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8 minutes ago, General Malaise said:

That's the other thing.  This thread seems to really bother you.  You've offered to leave it be and yet here you still are, still complaining.  Odd business, that. 

Not really odd. I didn't like the narrative after I left and didn't think my position had been given proper weight. It's quite natural to then reconsider and add addenda. 

And this thread bothers me for several reasons. The issue is framed wrongly and lamented wrongly.

Secondly, I view it as vital for the exact reason Smack Tripper pointed out upthread. It seems okay to side with arsonists and looters these days, and I'm not having any of that. I'm making it quite clear where my position lies so that people who may misunderstand either what violent civil disobedience means or what it can lead to are disabused of that notion.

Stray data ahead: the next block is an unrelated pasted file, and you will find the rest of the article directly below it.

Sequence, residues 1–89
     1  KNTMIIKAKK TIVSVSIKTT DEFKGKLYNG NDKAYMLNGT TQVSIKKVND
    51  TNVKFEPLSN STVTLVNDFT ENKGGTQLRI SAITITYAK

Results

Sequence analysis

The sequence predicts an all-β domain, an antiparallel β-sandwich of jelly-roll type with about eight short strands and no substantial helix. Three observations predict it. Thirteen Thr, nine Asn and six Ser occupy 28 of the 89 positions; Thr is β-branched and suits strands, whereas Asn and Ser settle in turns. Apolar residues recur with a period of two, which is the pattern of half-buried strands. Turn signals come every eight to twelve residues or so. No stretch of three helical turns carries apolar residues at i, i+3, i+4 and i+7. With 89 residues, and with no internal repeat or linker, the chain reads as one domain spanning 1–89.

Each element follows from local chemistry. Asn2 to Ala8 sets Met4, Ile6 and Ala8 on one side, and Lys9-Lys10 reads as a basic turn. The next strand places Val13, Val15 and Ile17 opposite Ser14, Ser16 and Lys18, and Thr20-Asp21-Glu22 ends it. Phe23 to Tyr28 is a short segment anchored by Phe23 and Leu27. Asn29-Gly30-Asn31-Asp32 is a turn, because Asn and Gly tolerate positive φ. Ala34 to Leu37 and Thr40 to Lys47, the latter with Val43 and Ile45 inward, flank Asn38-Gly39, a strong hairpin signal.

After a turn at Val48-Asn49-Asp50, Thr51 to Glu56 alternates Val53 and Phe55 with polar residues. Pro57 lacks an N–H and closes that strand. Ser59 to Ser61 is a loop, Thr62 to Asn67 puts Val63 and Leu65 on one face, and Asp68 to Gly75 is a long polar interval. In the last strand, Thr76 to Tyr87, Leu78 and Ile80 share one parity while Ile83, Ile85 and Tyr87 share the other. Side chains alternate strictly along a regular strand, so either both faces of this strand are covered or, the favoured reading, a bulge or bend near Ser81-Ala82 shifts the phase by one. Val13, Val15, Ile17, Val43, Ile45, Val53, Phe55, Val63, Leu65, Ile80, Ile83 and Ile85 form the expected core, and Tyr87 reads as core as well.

Third, property rights are important to me, the country, our Constitution, our ability to exist peacefully. The destruction of private and public property should never have been abided in the sixties and should not be now. That was a huge mistake to let protestors run riot (literally) and we should do everything in our power to disallow it and make people go through normal channels. There must be some policing tactic between deploying riot police and standing down.